Following the original publication of Volume 1 of the Civitates in 1572, seven further editions of 1575, 1577, 1582, 1588, 1593, 1599 and 1612 can be identified. Vol.2, first issued in 1575, was followed by further editions in 1597 and in 1612. The next volumes appeared in 1581, 1588, 1593, 1599 and 1606. The German translation of the first volume appeared from 1574 on and the French edition from 1575 on.

Several printers were involved: Theodor Graminaeus, Heinrich von Aich, Gottfried von Kempen, Johannis Sinniger, Bertram Buchholtz and Peter von Brachel, who all worked in Cologne.

Georg Braun (1541-1622)

Georg Braun was born in Cologne in 1541. After his studies in Cologne he entered the Jesuit Order as a novice. In 1561 he obtained his bachelor's degree and in 1562 his Magister Artium. Although he left the Jesuit Order, he studied theology, gaining a licentiate in theology.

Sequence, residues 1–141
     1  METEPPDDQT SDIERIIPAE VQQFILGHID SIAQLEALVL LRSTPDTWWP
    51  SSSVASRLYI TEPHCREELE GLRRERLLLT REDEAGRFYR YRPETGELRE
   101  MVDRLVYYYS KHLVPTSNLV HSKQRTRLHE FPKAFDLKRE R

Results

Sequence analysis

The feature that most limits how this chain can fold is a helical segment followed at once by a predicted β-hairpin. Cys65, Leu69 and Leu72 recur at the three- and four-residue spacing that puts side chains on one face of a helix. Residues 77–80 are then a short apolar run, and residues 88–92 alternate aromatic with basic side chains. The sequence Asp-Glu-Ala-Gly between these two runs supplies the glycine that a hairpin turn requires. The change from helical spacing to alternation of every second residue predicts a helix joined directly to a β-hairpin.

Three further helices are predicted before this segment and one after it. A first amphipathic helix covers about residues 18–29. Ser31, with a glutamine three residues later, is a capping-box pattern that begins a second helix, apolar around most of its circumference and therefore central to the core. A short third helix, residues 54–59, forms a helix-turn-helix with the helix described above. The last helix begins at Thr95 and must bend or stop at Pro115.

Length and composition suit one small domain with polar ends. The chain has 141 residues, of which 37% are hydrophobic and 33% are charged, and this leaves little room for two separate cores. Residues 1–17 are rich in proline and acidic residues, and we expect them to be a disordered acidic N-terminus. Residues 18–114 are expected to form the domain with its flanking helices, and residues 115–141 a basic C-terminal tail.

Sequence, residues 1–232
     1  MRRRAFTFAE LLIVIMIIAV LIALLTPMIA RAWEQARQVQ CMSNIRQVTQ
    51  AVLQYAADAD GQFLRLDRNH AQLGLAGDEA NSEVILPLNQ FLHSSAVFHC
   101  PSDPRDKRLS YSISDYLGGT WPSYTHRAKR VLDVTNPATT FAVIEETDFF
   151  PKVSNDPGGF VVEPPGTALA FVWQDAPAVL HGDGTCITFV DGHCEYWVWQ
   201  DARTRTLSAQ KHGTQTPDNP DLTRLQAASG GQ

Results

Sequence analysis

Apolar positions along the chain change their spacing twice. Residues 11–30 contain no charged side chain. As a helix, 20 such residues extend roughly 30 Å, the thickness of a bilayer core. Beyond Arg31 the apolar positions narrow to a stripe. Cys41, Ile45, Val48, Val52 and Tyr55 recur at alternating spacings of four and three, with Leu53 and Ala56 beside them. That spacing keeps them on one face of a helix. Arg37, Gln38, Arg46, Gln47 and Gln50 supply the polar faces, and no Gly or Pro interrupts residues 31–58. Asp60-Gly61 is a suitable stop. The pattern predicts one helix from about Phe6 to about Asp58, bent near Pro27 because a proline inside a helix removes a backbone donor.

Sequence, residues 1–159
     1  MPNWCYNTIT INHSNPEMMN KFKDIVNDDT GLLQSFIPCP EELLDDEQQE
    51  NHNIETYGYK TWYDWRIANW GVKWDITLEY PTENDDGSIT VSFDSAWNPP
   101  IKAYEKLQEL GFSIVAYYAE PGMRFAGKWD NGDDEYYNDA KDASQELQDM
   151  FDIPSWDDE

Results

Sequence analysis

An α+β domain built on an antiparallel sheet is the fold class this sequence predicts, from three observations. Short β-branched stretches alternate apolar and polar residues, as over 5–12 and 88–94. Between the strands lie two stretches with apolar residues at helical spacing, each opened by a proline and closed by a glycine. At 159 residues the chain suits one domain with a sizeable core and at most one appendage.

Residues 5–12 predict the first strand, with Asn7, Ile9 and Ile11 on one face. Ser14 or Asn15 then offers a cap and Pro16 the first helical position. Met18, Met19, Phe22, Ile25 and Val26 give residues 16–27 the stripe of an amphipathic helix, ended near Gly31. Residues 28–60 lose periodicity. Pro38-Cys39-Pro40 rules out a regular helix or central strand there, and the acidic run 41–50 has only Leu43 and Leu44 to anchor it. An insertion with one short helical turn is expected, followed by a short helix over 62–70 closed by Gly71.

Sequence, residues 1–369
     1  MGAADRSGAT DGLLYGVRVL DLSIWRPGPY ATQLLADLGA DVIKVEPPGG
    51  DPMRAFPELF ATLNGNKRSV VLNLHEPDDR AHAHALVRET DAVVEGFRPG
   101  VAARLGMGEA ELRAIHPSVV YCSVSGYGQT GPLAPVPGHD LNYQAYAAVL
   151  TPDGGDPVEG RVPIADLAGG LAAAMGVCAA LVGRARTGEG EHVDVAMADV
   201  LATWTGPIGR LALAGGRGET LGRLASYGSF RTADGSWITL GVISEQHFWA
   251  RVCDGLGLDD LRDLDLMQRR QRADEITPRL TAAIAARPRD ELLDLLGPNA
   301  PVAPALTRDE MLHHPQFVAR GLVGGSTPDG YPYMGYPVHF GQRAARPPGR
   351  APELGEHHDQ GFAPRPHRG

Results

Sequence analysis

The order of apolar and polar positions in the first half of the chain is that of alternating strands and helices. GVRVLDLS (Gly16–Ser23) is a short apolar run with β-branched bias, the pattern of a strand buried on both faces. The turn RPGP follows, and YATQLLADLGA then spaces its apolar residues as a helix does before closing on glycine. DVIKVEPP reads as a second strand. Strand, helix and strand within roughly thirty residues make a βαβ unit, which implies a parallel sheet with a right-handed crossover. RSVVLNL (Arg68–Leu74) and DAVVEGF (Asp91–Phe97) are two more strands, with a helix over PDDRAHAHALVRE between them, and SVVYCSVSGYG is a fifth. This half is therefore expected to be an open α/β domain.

Frans Hogenberg (1535-1590)

Frans Hogenberg was a Flemish and German painter, engraver, and mapmaker. He was born in Mechelen as the son of Nicolaas Hogenberg.

By the end of the 1560s Frans Hogenberg was employed upon Abraham Ortelius's Theatrum Orbis Terrarum, published in 1570; he is named as engraver of numerous maps. In 1568 he was bannend from Antwerp by the Duke of Alva and travelled to London, where he stayed a few years before emigrating to Cologne. There he immediately embarked on his two most important works, the Civitates published from 1572 and the Geschichtsblätter, which appeared in several series from 1569 until about 1587.

Thanks to such large scale projects as the Geschichtsblätter and the Civitates, Hogenberg's social circumstances improved with each passing year. He died as a wealthy man in Cologne in 1590.